The district court held the plain view doctrine applied to the warrantless seizure of the deer because the deer were in plain view, the officials were acting under constitutionally adequate state regulations when conducting the inspection of the Andertons' breeder deer, and the incriminating nature of the deer was immediately apparent because the officials had probable cause to believe the breeder deer were contraband. The Andertons argue the district court's holding was in error as it assumed facts not stated in the complaint.

It is true that the complaint contains few facts regarding the seizure. We concluded above, consistent with the facts alleged in the complaint and the relevant law, that Department officials lawfully entered the Andertons' property and had the right to kill the deer. The officials knew it had been more than 30 days since the deer breeder's permit had expired; thus, any deer remaining on the Andertons' land were there illegally. Lastly, the deer were in plain view of the officials. Though the Andertons argue on appeal that many deer "were obscured by tall grasses and trees," the Department officials had lawful access to the entire enclosure. Even if the deer were located in areas obscured by tall grasses and trees, the officials were allowed to venture into such areas and, once there, the deer would have been in plain view.

Because the requirements of the plain view doctrine are met, the Andertons have failed to state a claim for violation of the Fourth Amendment as to the warrantless seizure of the deer.

2. Fourteenth Amendment - Substantive Due Process

The Andertons also assert the defendants violated their substantive due process rights by killing the deer. "To prevail on a substantive due process claim, [a plaintiff] must first establish that it held a constitutionally protected property right to which the Fourteenth Amendment's due process protection applies." Simi Inv. Co., Inc. v. Harris Cnty., Tex., 236 F.3d 240, 249-50 (5th Cir. 2000) (citations omitted). One recognized means of violating substantive due process, and the one on which the plaintiffs rely, is for official conduct to take life, liberty, or property in a manner that "shocks the conscience." Conroe Creosoting Co. v. Montgomery Cnty., Tex., 249 F.3d 337, 341 (5th Cir. 2001) (citations omitted). The "burden to show state conduct that shocks the conscience is extremely high, requiring stunning evidence of arbitrariness and caprice that extends beyond mere violations of state law, even violations resulting from bad faith to something more egregious and more extreme." Doe, 675 F.3d at 868 (citation and quotation marks omitted). Official conduct "intended to injure in some way unjustifiable by any government interest," is the conduct "most likely to rise to the conscience-shocking level . . . ." Chavez v. Martinez, 538 U.S. 760, 775 (2003) (citation and quotation marks omitted).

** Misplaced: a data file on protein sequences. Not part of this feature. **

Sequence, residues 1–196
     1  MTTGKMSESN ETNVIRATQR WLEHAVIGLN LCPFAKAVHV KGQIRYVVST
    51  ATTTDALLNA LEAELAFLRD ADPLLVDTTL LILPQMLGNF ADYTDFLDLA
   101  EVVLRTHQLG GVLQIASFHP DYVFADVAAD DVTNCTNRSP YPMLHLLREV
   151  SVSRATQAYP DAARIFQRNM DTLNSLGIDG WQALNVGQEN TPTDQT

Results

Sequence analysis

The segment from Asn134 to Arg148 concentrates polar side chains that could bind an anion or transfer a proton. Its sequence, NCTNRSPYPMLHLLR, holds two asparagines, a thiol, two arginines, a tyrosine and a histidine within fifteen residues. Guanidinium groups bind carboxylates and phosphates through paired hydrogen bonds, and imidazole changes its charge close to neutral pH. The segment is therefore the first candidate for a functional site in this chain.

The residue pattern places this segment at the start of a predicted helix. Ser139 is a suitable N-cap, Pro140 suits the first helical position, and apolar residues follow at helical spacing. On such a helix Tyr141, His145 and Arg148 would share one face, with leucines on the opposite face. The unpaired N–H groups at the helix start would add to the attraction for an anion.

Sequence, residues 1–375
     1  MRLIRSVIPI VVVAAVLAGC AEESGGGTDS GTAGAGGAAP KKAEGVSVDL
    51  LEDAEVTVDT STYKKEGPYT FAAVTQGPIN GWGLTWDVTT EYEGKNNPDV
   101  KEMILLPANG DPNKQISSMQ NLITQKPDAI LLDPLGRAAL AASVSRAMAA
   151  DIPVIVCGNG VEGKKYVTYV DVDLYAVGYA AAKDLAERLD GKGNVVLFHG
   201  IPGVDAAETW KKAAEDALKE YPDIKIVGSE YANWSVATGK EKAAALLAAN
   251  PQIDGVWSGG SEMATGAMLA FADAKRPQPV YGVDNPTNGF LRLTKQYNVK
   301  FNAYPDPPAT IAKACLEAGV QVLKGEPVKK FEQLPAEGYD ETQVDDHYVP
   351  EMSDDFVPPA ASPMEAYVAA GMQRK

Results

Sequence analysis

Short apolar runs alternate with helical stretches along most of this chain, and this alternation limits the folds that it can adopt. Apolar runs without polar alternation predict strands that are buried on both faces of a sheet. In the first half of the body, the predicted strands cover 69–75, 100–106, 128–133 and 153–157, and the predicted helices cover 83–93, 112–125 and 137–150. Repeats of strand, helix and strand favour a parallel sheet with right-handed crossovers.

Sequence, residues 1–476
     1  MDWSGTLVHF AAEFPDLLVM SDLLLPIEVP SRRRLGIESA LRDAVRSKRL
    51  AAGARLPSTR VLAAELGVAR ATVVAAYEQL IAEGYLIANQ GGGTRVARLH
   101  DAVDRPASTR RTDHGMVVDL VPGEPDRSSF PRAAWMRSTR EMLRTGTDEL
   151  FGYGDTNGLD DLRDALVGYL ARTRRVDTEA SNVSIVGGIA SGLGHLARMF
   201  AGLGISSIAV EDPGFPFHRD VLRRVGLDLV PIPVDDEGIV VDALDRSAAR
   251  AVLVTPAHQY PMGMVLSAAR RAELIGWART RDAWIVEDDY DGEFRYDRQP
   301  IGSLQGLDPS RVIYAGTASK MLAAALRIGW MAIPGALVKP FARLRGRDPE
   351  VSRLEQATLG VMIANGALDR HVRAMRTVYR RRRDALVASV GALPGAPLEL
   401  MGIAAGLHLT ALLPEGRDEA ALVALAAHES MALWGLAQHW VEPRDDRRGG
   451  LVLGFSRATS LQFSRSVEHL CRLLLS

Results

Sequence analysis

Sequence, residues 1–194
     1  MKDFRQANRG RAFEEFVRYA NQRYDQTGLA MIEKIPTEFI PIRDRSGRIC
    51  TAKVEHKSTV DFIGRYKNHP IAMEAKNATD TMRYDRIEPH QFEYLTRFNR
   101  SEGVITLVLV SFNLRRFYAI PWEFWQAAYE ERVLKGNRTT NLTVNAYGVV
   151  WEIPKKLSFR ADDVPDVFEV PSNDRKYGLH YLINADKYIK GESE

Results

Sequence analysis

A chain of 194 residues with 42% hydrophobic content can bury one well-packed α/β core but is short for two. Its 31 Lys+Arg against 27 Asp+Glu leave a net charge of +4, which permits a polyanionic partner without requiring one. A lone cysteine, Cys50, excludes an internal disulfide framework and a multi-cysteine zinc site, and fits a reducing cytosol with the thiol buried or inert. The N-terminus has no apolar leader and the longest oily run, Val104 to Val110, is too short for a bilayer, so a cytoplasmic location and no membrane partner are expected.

The Andertons argue the killing of the deer "shocks the conscience." Even if there were a protected property interest in the deer - an issue we will analyze in the next section on procedural rights - Department officials were acting pursuant to state law, not violating it. The Andertons failed to allege facts that established the conduct of the officials was intended to injure them unjustifiably. The district court stated that though the allegations "may raise questions related to the most humane ways to kill deer, [they] do not plausibly establish that the officials' conduct was so egregious, so outrageous, that it may fairly be said to shock the contemporary conscience."

The Andertons have failed to demonstrate a violation of substantive due process under the Fourteenth Amendment.

3. Fourteenth Amendment - Procedural Due Process

A claim brought under Section 1983 for violation of procedural due process rights under the Fourteenth Amendment requires identification of a protected life, liberty, or property interest and a sufficient allegation that there was a deprivation of that interest by the government. See Gentilello v. Rege, 627 F.3d 540, 544 (5th Cir. 2010). State law is often the source of the benefit, and the plaintiff must show a legitimate claim to an entitlement:

The procedural component of the Due Process Clause does not protect everything that might be described as a "benefit": To have a property interest in a benefit, a person clearly must have more than an abstract need or desire and more than a unilateral expectation of it. He must, instead, have a legitimate claim of entitlement to it. Such entitlements are, of course, not created by the Constitution. Rather, they are created and their dimensions